Janine Smith, head of growth services at Business Growth Hub, is proud of the progress that’s been made to advance gender equality in the workplace, but warns there’s still some way to go.
Nearly 48 years ago, the Equal Pay Act was passed, prohibiting unequal pay and working conditions between men and women. Half a decade later, women in the UK have more opportunities than ever to start, grow and lead a business. In the last 12 months alone, I’ve worked with lots of female business owners, mentors and mentees. A cursory glance over the modern UK workplace might suggest that we have achieved gender equality.
However, just the briefest scratch of the surface reveals that there is still a huge amount to be done. This International Women’s Day (8 March) the headlines and messages still call for equal pay, equal rights and equal opportunities. There’s still a long way to go.
A recent report by PwC indicates that the UK has been ‘sluggish’ in empowering women in the workplace, trailing behind countries like Poland, Sweden and Norway. Although progress is being made to support women in the UK, it’s frustrating to see that we’re not moving as quickly as other countries.
This lack of empowerment also appears to be stopping many women from pursuing their dream of owning their own business. Facebook’s research to inform its #SheMeansBusiness programme revealed that a lack of confidence and role models is still holding back female entrepreneurs. Eight out of ten of the would-be female entrepreneurs surveyed said having a relatable role model would inspire them to start a business - but only a third could think of a business role model that inspires them.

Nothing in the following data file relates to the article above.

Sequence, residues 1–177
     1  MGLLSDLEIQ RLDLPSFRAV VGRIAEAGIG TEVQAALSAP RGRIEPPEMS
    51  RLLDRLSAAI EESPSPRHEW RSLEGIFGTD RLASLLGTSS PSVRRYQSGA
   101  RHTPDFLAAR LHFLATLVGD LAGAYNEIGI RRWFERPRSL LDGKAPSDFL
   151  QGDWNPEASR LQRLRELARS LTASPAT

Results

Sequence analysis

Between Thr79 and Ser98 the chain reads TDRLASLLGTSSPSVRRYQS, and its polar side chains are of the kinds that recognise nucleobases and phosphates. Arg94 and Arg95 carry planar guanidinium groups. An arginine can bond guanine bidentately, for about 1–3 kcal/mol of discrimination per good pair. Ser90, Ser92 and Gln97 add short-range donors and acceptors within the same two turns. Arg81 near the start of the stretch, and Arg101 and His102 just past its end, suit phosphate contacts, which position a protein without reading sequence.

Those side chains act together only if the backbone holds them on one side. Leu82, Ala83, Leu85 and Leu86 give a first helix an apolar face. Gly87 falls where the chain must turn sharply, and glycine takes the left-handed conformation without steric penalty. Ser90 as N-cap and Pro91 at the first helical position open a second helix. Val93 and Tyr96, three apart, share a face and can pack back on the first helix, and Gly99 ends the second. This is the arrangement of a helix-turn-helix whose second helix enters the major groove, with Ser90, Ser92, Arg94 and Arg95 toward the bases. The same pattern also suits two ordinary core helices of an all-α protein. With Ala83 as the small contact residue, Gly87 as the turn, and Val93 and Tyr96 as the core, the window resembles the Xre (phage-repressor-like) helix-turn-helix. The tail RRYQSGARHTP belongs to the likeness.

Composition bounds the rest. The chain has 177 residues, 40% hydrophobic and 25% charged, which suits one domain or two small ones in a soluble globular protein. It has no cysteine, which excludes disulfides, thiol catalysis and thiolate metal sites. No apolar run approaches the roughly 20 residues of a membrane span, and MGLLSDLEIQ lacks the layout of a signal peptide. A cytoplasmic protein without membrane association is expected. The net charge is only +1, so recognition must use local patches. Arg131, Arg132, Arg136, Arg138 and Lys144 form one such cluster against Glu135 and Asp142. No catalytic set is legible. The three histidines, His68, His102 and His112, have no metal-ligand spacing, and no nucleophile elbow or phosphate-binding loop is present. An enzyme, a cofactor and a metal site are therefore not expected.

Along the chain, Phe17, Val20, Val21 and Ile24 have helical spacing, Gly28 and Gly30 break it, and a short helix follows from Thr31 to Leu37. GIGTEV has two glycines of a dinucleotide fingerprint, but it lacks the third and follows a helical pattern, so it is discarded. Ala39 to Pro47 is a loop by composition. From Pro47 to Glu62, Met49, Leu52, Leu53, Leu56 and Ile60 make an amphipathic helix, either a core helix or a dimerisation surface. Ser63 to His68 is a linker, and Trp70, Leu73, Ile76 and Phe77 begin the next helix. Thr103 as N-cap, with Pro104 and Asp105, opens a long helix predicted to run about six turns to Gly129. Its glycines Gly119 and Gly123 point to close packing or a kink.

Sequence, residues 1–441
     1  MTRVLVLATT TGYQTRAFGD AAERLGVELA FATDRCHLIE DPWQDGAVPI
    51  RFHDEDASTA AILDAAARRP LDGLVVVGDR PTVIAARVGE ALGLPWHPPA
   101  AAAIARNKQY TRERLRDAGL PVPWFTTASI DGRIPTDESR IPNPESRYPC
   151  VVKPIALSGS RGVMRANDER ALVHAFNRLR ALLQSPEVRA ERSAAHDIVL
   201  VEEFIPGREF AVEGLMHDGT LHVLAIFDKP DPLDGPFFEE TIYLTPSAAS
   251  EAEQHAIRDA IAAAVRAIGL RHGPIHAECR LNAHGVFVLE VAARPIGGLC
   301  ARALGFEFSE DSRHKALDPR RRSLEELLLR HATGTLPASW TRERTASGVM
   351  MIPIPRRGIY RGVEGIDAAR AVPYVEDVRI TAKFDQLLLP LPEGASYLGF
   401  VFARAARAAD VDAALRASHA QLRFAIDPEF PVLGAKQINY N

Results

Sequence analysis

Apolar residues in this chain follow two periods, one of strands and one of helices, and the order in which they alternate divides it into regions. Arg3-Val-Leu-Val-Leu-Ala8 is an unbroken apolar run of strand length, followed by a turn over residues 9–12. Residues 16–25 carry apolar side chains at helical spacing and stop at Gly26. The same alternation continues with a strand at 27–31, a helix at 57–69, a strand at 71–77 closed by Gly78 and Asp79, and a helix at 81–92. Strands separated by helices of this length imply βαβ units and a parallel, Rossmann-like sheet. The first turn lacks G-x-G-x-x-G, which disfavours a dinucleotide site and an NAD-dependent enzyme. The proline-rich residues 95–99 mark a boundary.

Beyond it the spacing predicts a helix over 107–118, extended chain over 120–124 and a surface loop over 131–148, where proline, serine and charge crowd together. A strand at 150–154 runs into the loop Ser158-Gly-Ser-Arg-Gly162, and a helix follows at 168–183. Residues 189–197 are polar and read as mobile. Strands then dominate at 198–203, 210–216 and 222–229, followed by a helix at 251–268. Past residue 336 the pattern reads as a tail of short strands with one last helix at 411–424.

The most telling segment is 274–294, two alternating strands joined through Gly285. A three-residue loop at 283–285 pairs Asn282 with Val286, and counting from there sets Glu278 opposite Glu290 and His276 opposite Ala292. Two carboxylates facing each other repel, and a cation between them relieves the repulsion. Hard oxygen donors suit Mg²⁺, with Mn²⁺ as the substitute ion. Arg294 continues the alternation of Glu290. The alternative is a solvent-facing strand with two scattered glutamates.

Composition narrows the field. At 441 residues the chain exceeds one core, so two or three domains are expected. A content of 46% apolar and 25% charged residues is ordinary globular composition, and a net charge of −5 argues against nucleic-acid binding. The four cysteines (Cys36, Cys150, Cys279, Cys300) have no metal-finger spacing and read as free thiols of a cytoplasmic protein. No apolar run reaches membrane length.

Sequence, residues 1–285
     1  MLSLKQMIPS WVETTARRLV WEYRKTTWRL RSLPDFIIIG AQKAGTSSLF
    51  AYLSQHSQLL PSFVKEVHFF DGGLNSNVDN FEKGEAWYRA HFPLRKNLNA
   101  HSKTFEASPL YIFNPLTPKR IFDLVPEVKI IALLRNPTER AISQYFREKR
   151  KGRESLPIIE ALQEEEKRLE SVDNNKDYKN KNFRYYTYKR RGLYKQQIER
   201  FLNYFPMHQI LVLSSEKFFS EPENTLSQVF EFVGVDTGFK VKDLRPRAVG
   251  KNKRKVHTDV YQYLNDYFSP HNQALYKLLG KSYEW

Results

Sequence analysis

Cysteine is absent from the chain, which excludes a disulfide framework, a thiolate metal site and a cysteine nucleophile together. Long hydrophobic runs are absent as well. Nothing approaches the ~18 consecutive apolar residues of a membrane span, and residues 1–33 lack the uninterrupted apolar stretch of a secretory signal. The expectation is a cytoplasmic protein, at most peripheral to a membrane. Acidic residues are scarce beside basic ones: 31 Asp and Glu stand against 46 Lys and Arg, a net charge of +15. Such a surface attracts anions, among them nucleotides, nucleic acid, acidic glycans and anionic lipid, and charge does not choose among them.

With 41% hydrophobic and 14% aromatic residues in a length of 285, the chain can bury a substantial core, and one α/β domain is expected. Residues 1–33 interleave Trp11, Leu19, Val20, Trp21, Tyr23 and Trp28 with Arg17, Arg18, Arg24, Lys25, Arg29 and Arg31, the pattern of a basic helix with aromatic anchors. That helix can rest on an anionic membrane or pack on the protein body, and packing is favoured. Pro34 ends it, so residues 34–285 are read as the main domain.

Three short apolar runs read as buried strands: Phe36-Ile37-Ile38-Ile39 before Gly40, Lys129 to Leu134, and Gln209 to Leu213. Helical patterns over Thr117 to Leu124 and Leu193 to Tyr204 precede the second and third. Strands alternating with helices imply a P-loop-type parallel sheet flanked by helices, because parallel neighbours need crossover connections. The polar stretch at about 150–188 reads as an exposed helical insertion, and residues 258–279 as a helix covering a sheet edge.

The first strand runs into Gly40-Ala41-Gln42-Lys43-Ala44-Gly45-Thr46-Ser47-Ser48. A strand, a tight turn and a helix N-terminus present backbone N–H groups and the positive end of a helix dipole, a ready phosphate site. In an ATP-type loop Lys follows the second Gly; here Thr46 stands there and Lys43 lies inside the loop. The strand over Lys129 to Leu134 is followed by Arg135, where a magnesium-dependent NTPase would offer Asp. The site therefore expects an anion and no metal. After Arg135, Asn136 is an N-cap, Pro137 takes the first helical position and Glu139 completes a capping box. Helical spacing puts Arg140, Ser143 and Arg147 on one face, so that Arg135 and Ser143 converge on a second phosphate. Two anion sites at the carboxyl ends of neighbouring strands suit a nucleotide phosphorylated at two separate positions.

This means that there are so many potential female-led businesses that are never becoming more than a dream. No wonder the vast majority of UK businesses are majority male owned.
The Hub’s mentoring work is bucking this trend. While just 15% of UK businesses are female majority owned (60% being male majority owned), a quarter of the Hub’s mentors are female. We’ve seen huge appetite for female-specific mentoring, not just from women looking for role models to help get their business off the ground.
We’ve also been heartened to see just how many amazing female business owners genuinely want to support other women, sharing their experiences and knowledge to make the path to success just a little smoother for the next generation of female entrepreneurs.
We’re proud to be supporting the #Womanchester initiative this week, culminating in a female speed-mentoring event on Friday to bring the greatest concentration of female expertise together for aspiring female founders across any industry.
Ultimately, having a more diverse workforce (and this goes beyond gender) is a good thing for businesses. It offers a competitive advantage, allowing organisations to understand the needs of a wide range of customers, and more varied approaches to problem solving and creativity.
Organisations must continue to provide support dedicated to supporting women in business, to ensure that we accelerate female entrepreneurship and grow our economy in a more sustainable, fairer way for all.
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This article originally featured on BQ Live